Friday marked the end of an era at Jet Propulsion Laboratory in La Cañada Flintridge, as dozens of scientists, engineers and others gathered to catch one last glimpse of the Endeavour, the shuttle that carried many of their experiments and projects into space.
More than 100 JPL employees and a handful of guests congregated in the sun-soaked parking lot on the research facility’s Cardiac Hill, lining the edge of the lot with camping chairs and improvised shade providers.
Hundreds of people lined Oak Grove Drive just outside the campus to watch Endeavour — and NASA’s shuttle program — head for a final landing. After a period at an LAX hangar, the shuttle will take city streets to its final destination at the California Science Center in Los Angeles
“It’s probably the most complex vehicle ever built by man,” said Nicholas Siegler, a product delivery manager at JPL. “There’s a million things that can go wrong, and they rarely do.”
Siegler saw Friday’s flyover as the final note for the shuttle program, though not everyone was as reverent.
“You’ve seen one, you’ve seen them all,” laughed Mike Kobrick, a project scientist on JPL’s Radar Topography Mission, which created detailed maps of the Earth thanks to the shuttle. In fact, he said, he was actually “over the moon” to again see the shuttle that carried his project into space.
“The shuttle was handy. You could build something quickly and fly it [into orbit] and then get your hardware back, refine it and fly it up there again,” he said. “We’re losing that. Probably in my life we won’t have another vehicle capable of carrying 30,000 pounds into orbit and returning.”
At 12:13 p.m. La Cañada High School students shouted “There it is!” as the plane carrying Endeavour appeared from around the side of Flintridge, banked over the Arroyo Seco and buzzed JPL.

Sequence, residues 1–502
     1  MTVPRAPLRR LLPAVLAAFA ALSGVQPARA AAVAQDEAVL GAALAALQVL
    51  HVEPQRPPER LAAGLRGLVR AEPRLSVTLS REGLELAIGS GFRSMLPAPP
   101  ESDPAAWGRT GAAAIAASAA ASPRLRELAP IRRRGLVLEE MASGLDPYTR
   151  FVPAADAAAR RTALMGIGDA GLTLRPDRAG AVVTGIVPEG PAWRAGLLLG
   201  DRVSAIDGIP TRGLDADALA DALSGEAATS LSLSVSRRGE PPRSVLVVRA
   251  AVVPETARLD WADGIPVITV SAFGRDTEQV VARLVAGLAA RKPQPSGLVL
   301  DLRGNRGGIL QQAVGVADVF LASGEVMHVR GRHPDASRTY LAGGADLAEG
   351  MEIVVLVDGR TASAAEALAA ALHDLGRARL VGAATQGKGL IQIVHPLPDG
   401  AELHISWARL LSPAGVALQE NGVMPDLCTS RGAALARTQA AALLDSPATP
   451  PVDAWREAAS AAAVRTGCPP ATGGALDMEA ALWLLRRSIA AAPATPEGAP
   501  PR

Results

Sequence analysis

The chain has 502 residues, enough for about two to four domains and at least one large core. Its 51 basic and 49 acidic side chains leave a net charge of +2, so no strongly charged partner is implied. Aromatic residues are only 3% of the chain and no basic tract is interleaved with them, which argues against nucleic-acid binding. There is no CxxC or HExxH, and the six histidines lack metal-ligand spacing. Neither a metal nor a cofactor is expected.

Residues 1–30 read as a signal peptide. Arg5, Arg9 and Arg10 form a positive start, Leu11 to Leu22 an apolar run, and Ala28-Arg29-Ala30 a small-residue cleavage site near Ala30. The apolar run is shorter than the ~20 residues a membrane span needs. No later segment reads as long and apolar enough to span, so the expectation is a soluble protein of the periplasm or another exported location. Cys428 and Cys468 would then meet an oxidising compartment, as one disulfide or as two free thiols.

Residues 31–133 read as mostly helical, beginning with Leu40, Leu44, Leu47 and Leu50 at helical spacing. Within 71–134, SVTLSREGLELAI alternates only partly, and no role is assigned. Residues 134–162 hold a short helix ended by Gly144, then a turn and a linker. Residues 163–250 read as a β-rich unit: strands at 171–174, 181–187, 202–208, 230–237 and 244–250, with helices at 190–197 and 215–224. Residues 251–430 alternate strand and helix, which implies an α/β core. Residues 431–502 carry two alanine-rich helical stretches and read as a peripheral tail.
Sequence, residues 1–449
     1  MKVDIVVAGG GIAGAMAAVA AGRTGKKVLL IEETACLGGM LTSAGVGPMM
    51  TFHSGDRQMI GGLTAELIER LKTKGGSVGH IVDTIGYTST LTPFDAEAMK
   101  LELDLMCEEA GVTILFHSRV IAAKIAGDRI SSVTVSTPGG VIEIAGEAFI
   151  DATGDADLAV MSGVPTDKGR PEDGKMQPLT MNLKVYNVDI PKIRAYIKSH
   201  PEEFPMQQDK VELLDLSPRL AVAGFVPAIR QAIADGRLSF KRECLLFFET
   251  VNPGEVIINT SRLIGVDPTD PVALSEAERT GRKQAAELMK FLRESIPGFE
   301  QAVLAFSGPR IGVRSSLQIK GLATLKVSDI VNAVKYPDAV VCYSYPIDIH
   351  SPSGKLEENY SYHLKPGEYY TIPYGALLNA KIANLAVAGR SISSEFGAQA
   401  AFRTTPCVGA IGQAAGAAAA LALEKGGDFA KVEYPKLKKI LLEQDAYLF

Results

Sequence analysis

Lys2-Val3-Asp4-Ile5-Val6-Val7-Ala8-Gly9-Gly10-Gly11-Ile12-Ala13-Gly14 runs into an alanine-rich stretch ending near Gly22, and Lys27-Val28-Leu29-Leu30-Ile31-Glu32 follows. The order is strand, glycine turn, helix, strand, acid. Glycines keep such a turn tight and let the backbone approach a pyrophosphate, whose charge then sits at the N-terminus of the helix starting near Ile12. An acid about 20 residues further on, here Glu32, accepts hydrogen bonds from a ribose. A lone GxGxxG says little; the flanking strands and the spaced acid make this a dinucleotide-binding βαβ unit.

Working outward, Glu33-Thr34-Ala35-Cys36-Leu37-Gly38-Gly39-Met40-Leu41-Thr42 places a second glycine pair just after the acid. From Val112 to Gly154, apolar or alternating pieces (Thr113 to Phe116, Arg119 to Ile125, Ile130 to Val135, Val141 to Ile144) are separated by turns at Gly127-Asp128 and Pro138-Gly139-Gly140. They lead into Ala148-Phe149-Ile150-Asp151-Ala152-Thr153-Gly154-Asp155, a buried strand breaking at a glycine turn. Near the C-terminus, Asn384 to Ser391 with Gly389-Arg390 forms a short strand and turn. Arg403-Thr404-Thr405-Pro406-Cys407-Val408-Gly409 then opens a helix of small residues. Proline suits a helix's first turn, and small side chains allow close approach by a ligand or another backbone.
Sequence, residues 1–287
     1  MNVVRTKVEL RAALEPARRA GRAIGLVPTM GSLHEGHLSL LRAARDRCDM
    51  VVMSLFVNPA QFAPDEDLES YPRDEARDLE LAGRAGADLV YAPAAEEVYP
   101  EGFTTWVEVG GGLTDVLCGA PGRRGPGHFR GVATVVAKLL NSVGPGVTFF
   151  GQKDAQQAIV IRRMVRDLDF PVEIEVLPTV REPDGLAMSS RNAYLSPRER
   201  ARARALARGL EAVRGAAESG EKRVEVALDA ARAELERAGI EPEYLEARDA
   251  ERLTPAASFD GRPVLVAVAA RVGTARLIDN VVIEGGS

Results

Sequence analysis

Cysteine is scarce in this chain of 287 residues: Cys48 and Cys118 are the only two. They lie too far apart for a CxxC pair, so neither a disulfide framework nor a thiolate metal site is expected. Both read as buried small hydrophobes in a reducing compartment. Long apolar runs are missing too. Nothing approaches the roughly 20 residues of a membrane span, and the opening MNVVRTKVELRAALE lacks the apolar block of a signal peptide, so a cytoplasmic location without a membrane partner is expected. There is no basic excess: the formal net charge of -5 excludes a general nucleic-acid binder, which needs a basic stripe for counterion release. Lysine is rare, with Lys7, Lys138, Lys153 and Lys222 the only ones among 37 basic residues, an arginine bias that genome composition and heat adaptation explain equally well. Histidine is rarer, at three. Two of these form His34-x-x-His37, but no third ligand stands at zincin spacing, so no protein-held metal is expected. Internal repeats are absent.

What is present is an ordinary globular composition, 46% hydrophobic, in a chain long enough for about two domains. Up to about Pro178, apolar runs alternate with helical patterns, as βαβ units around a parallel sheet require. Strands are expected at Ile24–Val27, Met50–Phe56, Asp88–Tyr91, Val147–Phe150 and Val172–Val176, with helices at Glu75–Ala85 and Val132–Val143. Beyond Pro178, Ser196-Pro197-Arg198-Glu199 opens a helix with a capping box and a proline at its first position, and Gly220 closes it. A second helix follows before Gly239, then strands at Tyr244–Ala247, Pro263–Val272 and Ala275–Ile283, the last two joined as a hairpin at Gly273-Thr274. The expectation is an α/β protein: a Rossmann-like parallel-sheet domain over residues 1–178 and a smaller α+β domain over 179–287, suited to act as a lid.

Students in K.C. Matthews’ fourth-period world history class and Steve Zimmerman’s biology class sat in the football stadium bleachers for the better part of an hour, taking a quiz and waiting on the shuttle. They were joined by students in three or four other classes, including students supervised by physics instructor Eryn Walsh.
Asked if she could use the day’s events in a lesson plan, Walsh said it would be too easy. “What can’t I use in the classroom?” she said.
Up the hill at St. Francis High School, hundreds of students gathered at the railings of the classroom building. As Endeavour flew over, many raced to the other side of the building to watch it soar away.
“These kids don't have a lot of points in time they can relate to,” said Zimmerman, who recalled seeing President Eisenhower’s funeral train roll through his hometown in Kansas. “These points in time tie people together.”
“I think it's exciting,” said Shannon Hsu, 15. “This won't happen again.”
“It was, like, really awesome,” said seventh-grader Jeremy Kim. “History happened right in front of my eyes.”
Shuttle watchers had packed the parking lot at Hahamongna Watershed Park and were watching from under the shade of oak trees or along Oak Grove Drive.
“I cried,” said Claudy Castilla of Glendale, who had set up at the corner of Oak Grove and Foothill Boulevard with her 3-year-old son Quinn and infant daughter Eloise. “It was such a big moment.”
Howard Eisen, a JPL flight system manager who worked on three of the shuttle’s missions, said the flyover was a chance to bust out his Endeavour flag and see its final flight.
“It’s absolutely beautiful to see it one more time,” he said.